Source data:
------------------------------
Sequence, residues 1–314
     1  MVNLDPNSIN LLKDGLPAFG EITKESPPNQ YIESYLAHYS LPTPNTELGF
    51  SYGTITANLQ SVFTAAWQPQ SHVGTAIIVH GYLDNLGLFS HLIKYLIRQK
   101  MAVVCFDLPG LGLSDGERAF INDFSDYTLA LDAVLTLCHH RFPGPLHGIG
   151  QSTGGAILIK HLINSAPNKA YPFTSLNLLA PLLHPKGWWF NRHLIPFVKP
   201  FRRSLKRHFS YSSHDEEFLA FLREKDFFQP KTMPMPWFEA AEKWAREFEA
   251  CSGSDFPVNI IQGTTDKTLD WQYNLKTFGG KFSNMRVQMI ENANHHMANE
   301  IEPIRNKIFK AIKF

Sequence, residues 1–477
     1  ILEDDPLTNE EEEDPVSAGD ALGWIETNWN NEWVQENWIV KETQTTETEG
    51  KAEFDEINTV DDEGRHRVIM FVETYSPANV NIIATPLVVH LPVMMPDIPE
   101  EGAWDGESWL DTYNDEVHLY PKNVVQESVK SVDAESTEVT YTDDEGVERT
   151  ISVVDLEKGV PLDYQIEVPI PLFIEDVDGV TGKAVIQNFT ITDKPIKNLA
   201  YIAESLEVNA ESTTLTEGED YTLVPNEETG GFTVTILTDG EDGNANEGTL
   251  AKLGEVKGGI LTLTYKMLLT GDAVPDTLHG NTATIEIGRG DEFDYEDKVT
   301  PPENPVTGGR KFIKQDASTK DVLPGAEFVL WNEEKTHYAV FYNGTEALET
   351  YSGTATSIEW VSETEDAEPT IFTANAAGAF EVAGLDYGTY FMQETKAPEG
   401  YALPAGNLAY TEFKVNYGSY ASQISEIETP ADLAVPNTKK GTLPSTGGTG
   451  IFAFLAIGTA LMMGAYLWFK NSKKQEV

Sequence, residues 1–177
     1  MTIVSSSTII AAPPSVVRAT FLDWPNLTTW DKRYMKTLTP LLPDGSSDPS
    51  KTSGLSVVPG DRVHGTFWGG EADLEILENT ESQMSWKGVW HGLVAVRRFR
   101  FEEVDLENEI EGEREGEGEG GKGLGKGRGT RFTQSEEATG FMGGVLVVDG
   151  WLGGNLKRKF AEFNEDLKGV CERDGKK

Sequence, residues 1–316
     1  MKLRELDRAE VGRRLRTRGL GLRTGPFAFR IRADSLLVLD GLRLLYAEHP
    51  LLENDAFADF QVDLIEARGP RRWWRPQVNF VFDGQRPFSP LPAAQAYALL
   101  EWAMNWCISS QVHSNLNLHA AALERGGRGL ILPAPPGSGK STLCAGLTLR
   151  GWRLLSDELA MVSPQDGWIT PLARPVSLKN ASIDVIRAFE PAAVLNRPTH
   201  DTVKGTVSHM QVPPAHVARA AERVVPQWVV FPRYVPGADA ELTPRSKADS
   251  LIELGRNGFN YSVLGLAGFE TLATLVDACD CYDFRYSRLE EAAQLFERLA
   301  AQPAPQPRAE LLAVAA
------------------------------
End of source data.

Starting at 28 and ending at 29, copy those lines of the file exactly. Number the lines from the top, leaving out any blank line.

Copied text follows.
   101  EWAMNWCISS QVHSNLNLHA AALERGGRGL ILPAPPGSGK STLCAGLTLR
   151  GWRLLSDELA MVSPQDGWIT PLARPVSLKN ASIDVIRAFE PAAVLNRPTH